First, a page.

In theology class you learn the word theodicy, which means if God, why evil.
September 11 happens.
Also, you get mono, which seems very unfair when you are still in the VLC. You spend a lot of time alone in bed thinking about God and weapons of mass destruction.
Your friends disappear into boyfriends. You switch majors to English. You read Virginia Woolf. Jean Rhys. Toni Morrison. Margaret Atwood. You pierce your eyebrow, even though it makes your parents sit you down in the living room and lecture you about your Christian witness. You still love big words and long books and arguing your opinion and this makes you very popular with your professors, but apparently not with any future husbands.
You try out the word feminist.
You decide God probably doesn’t care that you masturbate sometimes and this feels radical, like the universe is older than six thousand years, like millennia unfolding in every direction, expanding the cramped dark center of you.
You go to grad school, setting foot for the first time on a non-Christian campus. People smoke weed here. They live with each other without being married. You have a lesbian professor—your first time meeting a real lesbian. Then two lesbians. Then the girl in your cohort who once did it with another girl, even though now she’s engaged to a guy. One day a classmate says, “I’m as straight as this table, but androgyny fascinates me.”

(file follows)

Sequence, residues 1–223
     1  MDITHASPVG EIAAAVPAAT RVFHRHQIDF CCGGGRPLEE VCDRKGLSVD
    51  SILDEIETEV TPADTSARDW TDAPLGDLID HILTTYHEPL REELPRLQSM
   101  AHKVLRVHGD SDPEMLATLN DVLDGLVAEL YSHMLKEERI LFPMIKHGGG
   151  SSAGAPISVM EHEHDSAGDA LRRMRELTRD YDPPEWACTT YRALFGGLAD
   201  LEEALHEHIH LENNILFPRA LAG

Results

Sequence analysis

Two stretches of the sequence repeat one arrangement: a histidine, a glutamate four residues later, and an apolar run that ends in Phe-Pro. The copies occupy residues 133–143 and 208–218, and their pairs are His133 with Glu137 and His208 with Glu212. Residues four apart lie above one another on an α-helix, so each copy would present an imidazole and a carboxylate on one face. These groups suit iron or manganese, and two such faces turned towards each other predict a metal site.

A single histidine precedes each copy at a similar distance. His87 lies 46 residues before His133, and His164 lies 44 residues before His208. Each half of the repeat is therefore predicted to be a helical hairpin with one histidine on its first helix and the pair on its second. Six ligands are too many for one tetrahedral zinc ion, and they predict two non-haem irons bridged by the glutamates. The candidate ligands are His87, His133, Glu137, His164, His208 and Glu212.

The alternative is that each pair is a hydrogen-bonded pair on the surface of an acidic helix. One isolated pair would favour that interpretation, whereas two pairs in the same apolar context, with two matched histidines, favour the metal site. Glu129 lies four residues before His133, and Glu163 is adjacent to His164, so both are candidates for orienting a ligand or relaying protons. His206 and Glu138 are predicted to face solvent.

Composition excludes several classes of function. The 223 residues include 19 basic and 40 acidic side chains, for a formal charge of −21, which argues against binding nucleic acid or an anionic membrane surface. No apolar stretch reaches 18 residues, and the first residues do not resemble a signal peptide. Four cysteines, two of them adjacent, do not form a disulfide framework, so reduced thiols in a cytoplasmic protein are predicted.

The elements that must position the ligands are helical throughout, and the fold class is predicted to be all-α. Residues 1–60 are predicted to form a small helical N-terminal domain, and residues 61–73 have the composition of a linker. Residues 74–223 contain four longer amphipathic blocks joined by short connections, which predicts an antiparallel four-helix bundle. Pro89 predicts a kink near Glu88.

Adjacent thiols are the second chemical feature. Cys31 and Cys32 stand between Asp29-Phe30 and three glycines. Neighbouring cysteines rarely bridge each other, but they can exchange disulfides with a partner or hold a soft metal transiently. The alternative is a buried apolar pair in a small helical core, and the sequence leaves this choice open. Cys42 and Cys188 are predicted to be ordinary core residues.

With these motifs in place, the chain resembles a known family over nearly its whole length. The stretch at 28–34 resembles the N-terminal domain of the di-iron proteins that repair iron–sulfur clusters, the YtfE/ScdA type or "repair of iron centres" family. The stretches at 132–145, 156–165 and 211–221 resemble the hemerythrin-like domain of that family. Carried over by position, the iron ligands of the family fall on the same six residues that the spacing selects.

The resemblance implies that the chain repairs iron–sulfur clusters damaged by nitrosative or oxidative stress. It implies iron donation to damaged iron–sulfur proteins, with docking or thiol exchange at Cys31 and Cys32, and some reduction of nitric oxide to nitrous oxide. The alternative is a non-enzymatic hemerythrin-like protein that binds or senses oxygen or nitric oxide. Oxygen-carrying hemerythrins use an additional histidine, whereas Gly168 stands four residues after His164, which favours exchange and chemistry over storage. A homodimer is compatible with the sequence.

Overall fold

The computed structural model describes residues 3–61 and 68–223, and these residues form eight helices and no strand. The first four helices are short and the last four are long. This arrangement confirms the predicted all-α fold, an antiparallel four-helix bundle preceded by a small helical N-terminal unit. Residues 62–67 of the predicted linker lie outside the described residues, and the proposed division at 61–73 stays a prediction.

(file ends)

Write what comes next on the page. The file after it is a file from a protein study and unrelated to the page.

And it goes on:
What an interesting phrase: As straight as this table. As straight as this table. As straight as this table. As straight as this table.
Are you as straight as a table? As straight as TV stand? As straight as a sectional couch? As straight as a chaise lounge?
Are you straight?
The question grabs you around the neck while you’re cleaning the bathroom at your parents’ house. You lean over the sink and try to breathe through a panic attack, ammonia burning your nose.
Like loose wires, your unanswered questions suddenly spark to life, this discovery an engine, sputtering after long dormancy, about to carry you away from everything you know. Your first apocalypse.
Just breathe. You will take this discovery and hide it deep within yourself for years, until you find a place where your body doesn’t have to carry the weight of God. You will rebuild yourself, as you have been doing for years, resilient, a perpetual resurrection.
It’s like that one wet April, when you discovered the patch of indigo camas in the forest behind your house. Shed clothes on the bank, you splashed through the swollen creek and whirled under the patchy shade, mud squishing under bare feet. You picked armfuls of rain-soaked stems and the petals streaked your arms and legs purple. You painted your face and belly with spring. For one joyful afternoon, girl, you knew for certain you were a gorgeous thing.
Image by Charles Knowles, Meridian Idaho, Creative Commons